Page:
Review of the Historical Importance of the Oldest World Map (continued)


6 .

Matteo Ricci (1552-1610)

Western historians typically honor the Jesuit geographer Matteo Ricci as the European who most influenced the course of cartography in China. Ricci believed that the style of European scientific mapping as seen in the works of the Dutch Masters, such as Mercator, Ortelius, and Judaeus, was superior to what he saw in China. Matteo Ricci traveled from Italy to the Philippines in 1580; by 1582 he was in Macao. He reached Beijing in 1601 carrying newly-revised maps that he hoped would win converts to his own religion.


7.

Abraham Ortelius Map 1570

Abraham Ortelius redrew the 1569 Mercator World Map in the form of an oblong or "planispheric" projection. This is the kind of map that was most in favor with the Jesuits. Note in particular the South Seas Australia (6) in the far left-hand corner of the map. Mercator identified this as the island of "New Guinea" that the Portuguese had conquered in about the year 1530. Of course, New Guinea wasn't actually located so close to South America.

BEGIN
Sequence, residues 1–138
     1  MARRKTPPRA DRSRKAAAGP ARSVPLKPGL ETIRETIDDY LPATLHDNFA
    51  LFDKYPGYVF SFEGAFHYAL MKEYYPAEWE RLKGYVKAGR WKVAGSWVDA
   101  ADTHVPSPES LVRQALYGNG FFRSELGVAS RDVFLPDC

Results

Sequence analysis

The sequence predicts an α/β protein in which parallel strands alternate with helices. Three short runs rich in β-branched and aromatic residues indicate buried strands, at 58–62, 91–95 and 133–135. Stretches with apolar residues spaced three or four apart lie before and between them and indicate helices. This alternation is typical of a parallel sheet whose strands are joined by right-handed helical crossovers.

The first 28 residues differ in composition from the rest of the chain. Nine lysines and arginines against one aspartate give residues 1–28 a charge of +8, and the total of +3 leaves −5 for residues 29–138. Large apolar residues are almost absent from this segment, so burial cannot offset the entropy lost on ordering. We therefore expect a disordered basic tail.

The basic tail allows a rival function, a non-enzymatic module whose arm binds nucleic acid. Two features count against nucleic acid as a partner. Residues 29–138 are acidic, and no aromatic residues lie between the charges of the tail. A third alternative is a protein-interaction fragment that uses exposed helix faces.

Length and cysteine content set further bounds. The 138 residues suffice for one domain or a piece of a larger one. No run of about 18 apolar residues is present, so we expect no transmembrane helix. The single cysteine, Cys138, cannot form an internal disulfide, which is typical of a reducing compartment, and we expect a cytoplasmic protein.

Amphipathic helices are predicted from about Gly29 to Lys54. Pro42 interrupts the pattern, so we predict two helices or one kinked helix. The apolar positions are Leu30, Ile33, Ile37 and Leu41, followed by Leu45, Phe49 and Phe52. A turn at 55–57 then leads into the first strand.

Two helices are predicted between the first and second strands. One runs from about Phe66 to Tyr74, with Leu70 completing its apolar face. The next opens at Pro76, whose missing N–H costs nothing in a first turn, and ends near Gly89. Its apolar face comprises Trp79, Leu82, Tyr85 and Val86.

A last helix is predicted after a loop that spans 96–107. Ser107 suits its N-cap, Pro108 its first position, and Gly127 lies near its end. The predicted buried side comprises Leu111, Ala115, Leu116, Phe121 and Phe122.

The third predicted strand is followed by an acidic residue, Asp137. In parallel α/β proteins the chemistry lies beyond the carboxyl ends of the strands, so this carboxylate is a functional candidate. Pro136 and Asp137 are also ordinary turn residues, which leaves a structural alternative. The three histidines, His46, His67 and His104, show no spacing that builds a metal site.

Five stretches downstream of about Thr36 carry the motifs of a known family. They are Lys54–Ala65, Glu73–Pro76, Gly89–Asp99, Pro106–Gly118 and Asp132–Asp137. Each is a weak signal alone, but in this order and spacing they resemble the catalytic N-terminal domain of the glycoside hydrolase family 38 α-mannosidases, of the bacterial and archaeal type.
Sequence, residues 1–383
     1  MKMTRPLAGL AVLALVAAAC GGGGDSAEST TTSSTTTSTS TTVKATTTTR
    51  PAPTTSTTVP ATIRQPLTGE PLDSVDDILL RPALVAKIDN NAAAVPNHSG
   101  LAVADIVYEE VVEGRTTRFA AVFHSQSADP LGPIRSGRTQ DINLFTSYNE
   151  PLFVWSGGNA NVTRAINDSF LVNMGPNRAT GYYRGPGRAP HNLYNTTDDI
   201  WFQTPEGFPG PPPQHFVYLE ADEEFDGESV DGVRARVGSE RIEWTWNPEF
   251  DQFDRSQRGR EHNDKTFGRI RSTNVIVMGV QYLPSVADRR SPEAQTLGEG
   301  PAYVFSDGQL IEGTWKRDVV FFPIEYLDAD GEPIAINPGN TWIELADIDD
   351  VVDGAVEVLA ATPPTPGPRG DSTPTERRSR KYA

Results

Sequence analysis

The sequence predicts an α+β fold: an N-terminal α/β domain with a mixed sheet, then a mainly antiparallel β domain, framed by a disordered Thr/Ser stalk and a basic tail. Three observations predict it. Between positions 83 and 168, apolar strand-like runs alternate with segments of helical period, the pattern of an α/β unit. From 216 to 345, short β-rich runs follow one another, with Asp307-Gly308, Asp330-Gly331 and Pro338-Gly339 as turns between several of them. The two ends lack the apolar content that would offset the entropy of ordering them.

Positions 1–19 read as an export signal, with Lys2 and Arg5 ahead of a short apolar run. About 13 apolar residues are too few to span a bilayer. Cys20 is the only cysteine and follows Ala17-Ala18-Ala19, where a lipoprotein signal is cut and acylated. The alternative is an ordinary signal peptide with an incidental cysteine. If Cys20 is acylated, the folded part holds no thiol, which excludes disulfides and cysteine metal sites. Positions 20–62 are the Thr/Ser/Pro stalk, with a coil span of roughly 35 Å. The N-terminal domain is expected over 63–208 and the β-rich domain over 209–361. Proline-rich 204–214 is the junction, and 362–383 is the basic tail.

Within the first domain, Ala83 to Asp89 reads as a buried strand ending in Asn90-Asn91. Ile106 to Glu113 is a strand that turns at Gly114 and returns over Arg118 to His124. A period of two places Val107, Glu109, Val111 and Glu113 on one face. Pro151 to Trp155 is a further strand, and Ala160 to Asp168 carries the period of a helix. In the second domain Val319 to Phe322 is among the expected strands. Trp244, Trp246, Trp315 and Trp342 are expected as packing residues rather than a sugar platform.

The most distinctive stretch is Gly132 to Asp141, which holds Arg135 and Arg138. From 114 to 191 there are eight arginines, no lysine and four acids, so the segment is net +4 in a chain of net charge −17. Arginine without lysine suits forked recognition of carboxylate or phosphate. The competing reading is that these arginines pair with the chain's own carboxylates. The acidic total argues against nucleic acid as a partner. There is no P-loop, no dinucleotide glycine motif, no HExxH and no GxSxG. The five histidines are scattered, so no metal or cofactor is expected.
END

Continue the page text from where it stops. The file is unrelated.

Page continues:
8.

Jesuit Map Conversion 1584—Temporal Marker

In order to appeal to his Chinese associates, Matteo Ricci converted the map by Ortelius into one that had China and the Pacific Ocean at the center of the map. By comparing a modern European map with the out-of-date Ming world maps (such as the Shanhai Yudi Quantu of c. 1425-1430), Ricci hoped to convince the Chinese that Europeans had developed superior mapping technology. In this manner, he hoped to persuade the Chinese that the European God and religion were also superior to the traditional religion and deities of China.

There is one very important characteristic that we should note in the 1584 Ricci Map: the Jesuit chose to eliminate the South Seas Australia (6) that had been a feature of maps by Ortelius and Mercator. Apparently, Spanish mariners in the Philippines informed Ricci that the so-called "New Guinea" (or South Seas Australia) did not really exist. At least, it did not exist in that location. Mo Yi-tong couldn't have copied from the Jesuits when he made his map in 1763—because his map has as one of its distinctive features the South Seas Australia. Therefore, Mo Yi-tong must have copied this geographical anomaly from some older map source.


One of the more unusual features of the 1418 Ming Dynasty map is the portrayal of the West Coast of North America as an Island...


©2006 Gunnar Thompson, PhD 1418 Ming Map